United States of America, Plaintiff-appellee, v. Harry Leon Smith, Iii, Defendant-appellant, 106 F.3d 350 (11th Cir. 1997)

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US Court of Appeals for the Eleventh Circuit - 106 F.3d 350 (11th Cir. 1997) Dec. 5, 1996. As Amended Feb. 20, 1997

Mildred H. Geckler, Federal Defender Program, Atlanta, GA, for Defendant-Appellant.

Richard M. Langway, Office of U.S. Attorney, Northern Dist. of GA, Atlanta, GA, for Plaintiff-Appellee.

Appeal from the United States District Court for the Northern District of Georgia.

Before BARKETT, Circuit Judge, and DYER and HILL, Senior Circuit Judges.

BARKETT, Circuit Judge:


Harry Leon Smith appeals his sentence for executing a scheme and artifice to defraud, and obtaining monies and funds by means of false and fraudulent pretenses, representations, and promises, in violation of 18 U.S.C. § 1344. Essentially, Smith was indicted for, and pled guilty to, running a check kiting scheme, and was sentenced to 18 months imprisonment and five years supervised release, and ordered to pay $269,049.40 in restitution.

In this appeal, Smith raises three issues. First, Smith contends that for purposes of determining the appropriate sentencing range the amount of loss was $35,500, rather than the $458,500 recommended in the presentence report. He argues that the government failed to establish that he had the requisite fraudulent intent for the charged offense when he deposited nine checks totaling $458,500 into his account at First Atlanta and drawn on his Federal Savings Bank ("FSB") account. Instead he argues that he is only responsible for $35,500 which he withdrew from First Atlanta Bank after FSB informed him that checks drawn on that account would not be honored.1  Second, Smith contends that he should have received an additional one-level reduction for acceptance of responsibility under § 3E1.1(b) because he (1) timely provided complete factual information to the government, and (2) timely notified authorities of his intention to plead guilty. He argues that the court wrongfully refused to grant the additional one-level reduction because Smith's counsel objected to the amount of loss determination contained in the presentence report. Third, Smith argues that his offense level should not have been increased by two points for more than minimal participation because his withdrawal of $35,500 was a spur-of-the-moment impulse.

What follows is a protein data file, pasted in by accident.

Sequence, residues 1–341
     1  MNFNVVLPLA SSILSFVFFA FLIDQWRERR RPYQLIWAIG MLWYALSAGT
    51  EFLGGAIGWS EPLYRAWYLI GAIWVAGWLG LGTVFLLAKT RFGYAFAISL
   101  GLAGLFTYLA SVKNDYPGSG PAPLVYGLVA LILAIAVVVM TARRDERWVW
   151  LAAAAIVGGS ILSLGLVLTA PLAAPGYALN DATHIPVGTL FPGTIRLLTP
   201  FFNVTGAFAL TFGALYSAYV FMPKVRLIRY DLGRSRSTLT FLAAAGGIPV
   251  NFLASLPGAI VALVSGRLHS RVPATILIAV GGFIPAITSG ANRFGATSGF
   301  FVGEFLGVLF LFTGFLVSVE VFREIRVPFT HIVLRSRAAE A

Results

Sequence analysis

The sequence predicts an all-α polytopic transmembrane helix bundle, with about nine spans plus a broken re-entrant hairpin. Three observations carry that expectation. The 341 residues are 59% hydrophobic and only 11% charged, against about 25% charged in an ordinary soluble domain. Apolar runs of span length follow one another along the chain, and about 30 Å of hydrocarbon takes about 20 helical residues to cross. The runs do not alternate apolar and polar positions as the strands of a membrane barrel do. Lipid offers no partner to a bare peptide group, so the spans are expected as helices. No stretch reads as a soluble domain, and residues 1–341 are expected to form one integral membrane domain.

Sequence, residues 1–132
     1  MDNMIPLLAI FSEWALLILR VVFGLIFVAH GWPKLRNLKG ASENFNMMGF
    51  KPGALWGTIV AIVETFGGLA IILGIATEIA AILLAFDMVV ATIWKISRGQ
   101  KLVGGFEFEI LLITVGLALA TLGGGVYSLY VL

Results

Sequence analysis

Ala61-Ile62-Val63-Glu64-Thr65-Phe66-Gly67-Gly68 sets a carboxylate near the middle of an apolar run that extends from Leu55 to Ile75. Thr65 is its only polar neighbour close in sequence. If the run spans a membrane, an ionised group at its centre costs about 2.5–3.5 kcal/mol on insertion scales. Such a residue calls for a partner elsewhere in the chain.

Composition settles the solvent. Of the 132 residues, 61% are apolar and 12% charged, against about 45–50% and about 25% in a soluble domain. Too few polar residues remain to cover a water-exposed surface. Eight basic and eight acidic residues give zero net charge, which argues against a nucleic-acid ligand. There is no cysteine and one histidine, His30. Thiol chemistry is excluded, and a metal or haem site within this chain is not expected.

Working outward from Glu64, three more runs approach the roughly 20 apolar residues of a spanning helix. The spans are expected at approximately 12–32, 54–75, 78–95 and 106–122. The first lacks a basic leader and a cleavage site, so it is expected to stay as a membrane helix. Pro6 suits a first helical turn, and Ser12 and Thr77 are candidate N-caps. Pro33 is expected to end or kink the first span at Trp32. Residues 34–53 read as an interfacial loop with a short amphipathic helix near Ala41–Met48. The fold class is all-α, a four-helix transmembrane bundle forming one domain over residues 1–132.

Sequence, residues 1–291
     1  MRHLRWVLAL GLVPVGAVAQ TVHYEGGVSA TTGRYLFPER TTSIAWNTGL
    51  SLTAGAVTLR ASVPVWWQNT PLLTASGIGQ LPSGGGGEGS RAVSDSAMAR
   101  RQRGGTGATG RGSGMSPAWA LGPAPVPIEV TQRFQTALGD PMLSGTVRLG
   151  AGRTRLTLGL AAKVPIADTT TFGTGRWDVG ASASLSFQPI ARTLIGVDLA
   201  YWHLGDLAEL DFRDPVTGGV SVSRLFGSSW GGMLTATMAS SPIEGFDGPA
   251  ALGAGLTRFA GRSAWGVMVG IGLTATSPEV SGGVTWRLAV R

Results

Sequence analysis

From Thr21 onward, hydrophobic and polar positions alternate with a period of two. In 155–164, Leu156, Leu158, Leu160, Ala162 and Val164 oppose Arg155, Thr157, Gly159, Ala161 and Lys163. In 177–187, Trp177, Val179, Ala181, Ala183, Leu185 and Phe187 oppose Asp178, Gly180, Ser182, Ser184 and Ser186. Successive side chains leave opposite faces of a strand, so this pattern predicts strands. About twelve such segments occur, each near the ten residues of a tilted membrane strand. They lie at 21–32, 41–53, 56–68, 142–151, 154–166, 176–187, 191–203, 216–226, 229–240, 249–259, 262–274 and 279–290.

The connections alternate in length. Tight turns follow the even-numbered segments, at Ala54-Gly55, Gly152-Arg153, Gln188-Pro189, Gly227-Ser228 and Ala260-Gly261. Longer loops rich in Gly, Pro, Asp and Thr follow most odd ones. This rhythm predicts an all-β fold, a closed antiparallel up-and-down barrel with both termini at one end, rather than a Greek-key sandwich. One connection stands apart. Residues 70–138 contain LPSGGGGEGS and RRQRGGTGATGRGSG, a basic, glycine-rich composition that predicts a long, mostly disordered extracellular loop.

Under the facts of this case, we find no merit to Smith's arguments except for his claim that his lawyer's legal arguments should not preclude him from receiving a reduction for acceptance of responsibility under § 3E1.1 if he timely provided complete factual information to the government regarding his illegal actions.